The Two Extremes of German Beer

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Germans do the best things with beer--and the worst. In the 16th century they set down the Reinheitsgebot, or Purity Law, which restricted the ingredients of beer to water, hops, malted barley, and yeast--a brewing straight jacket, but one that introduced quality and standards to a vague and shoddy profession (whether or not the Reinheitsgebot is still a good model to follow is up for debate; see my last post). And of course the Germans make some of the best beer in the world--Schneider, Weihenstephan, Schlenkerla.

All of this is old hat in America. At some point in the 19th century, German immigrant brewing culture crowded out the Colonial-era British ale culture--so thoroughly, in fact, that today almost all the beer consumed in this country is light pilsner. Despite the Belgians' upsurge in popularity among the chattering classes, German beer is still synonymous with quality in America.

The cherry flavor was overwhelming: thick, sickly sweet, with almost none of the typical porter maltiness to speak of. It was like drinking sugary motor oil.

One thing Americans don't know, though, is how much Germans abuse their beer bona fides. It's true--you can walk into just about any corner store and find an array of world-famous beers for under 2 euros. But sitting alongside them, giggling in lightweight glee, are a proliferating panoply of...wait for it...flavored beers. Gasp.

Here's the scene: Last week I was hurrying to a party in Wedding, a north-central district in Berlin. I hopped into a corner store and grabbed the first five bottles that caught my eye. A schwarzbier, a helles, a wheat beer, a kolsch, and a porter by a company called Kirsch. I'd never heard of Kirsch, let alone a German porter. So naturally, into the bag it went.

As soon as I got to the party, I cracked open the Kirsch. I immediately tasted my mistake. Kirsch is German for cherry, and Kirsch wasn't the company, but rather the flavor--I was drinking a Biermischgetraenk, or "beer mixed drink," with 90 percent porter and 10 percent black cherry syrup. To make things worse, the porter itself had extra sugar added--because hell, once you've broken the Reinheitsgebot in search of sweetness, you might as well go all out. The cherry flavor was overwhelming: thick, sickly sweet, with almost none of the typical porter maltiness to speak of. It was like drinking sugary motor oil.

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Photo by Clay Risen


Over the next few days, I noticed more Biermischgetranke--strawberry porters, lime pilsners; Beck's even makes a Beck's Lemon. There's a whole subgenre of beer and cola drinks. All of them follow the same recipe: The sweetening flavor isn't added during the brewing process, but only after. And then there's the Berliner mit Schuss. A Berliner is a light wheat beer, typical to the region and not especially tasty. To differentiate it, locals add a shot, or schuss, of sweet food coloring--green or red, your choice. Why they'd choose either is beyond me. Then again, apparently locals also choose cherry porter.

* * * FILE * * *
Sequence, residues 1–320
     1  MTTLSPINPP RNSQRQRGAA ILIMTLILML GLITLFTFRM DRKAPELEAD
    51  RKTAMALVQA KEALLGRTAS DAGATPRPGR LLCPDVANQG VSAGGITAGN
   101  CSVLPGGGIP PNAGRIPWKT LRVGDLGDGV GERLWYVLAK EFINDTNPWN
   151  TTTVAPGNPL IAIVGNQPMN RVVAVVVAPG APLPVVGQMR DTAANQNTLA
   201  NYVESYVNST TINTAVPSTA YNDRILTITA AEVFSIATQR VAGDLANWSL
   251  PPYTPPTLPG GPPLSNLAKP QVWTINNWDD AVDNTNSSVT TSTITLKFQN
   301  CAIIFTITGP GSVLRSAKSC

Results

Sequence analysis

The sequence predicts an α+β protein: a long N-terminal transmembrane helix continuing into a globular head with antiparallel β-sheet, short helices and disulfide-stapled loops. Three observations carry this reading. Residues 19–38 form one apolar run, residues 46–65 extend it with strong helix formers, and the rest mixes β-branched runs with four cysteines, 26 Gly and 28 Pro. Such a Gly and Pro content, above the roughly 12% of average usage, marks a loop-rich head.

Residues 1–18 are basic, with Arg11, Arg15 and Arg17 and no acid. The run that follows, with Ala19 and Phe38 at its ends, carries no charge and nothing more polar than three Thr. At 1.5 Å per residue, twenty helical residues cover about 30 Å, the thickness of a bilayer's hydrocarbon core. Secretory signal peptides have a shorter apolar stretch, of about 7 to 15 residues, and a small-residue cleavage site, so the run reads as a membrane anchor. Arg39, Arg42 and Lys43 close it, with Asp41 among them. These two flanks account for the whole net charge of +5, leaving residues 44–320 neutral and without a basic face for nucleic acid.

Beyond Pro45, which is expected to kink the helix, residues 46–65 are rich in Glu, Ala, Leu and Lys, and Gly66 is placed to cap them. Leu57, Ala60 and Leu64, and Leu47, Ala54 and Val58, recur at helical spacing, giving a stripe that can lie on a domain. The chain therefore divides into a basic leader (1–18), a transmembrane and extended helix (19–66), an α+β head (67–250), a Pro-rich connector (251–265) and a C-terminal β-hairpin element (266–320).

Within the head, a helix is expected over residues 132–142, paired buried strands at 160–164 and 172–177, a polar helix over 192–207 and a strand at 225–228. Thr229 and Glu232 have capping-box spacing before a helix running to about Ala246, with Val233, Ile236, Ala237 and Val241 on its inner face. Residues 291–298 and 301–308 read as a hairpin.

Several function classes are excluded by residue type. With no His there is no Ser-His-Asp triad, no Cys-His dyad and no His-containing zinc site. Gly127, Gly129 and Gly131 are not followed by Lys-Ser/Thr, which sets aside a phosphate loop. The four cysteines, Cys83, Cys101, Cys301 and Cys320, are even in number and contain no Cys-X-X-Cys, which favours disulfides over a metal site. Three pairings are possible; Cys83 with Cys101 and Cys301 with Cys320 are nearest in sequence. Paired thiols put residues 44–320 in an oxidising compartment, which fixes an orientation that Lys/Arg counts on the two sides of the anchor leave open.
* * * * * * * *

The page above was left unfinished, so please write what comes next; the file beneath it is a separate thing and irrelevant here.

What's that? What about lambics, you say? It's true--fruit lambics are indeed made with fruit flavorings. But the best are made with real fruit, and it's added during the brewing process; the fruit creates a second fermentation, and becomes one with the beer. The worst--and there are a lot of them--are made with syrups. But even then, the brewers still seem to strive for balance, using the sweetness or tartness of the fruit to offset, say, a strong malt flavor. German beer drinks have no balance to speak of.

Why, Deutschland, why? I've got two theories. First off, Germany is still beer land. You can get wasted on wine, and vodka's everywhere, but beer rules. The thing is, a lot of consumers, even German consumers, just don't like beer. So to rope them in, breweries add sweeteners. American breweries have tried the same--Tequiza, or Bud Lite Lime--but without as much success, because American drinkers have lots of other options. But at the typical German Biergarten, they're more or less SOL. They're a market without a supply. Enter beer drinks.

Second, and related, is the strictness of the Reinheitsgebot itself. Once you've added even a tiny variation to the standard beer recipe, you can't call it beer anymore. Such rules make experimentation difficult, but like the strict Calvinist preacher to his children, they also encourage the development of wild, "beer-like" products--especially when there's an entire, underserved market to exploit. (In a way, if you'll follow my digression, it follows that the efforts by mega-breweries to, ahem, water down U.S. laws about what is and isn't beer ironically paved the way for today's adventurous craft brewers, who add all sorts of stuff to their recipes and still get to call the finished product "beer.")

Some of the German beer-drinks are good, some are bad, and I'll admit that on a hot summer day, I might find myself craving a Kirsch Porter. But that's not the point. Rather, next time you get into a bar debate with a German about who makes the better beer, just remember--no matter how good Schneider Weisse is, it's not nearly as common as Beck's Lemon.

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Clay Risen is an editor at The New York Times, and is the author of A Nation on Fire: America in the Wake of the King Assassination. He has written for The New Republic, Smithsonian, and The New York Times Sunday Magazine.

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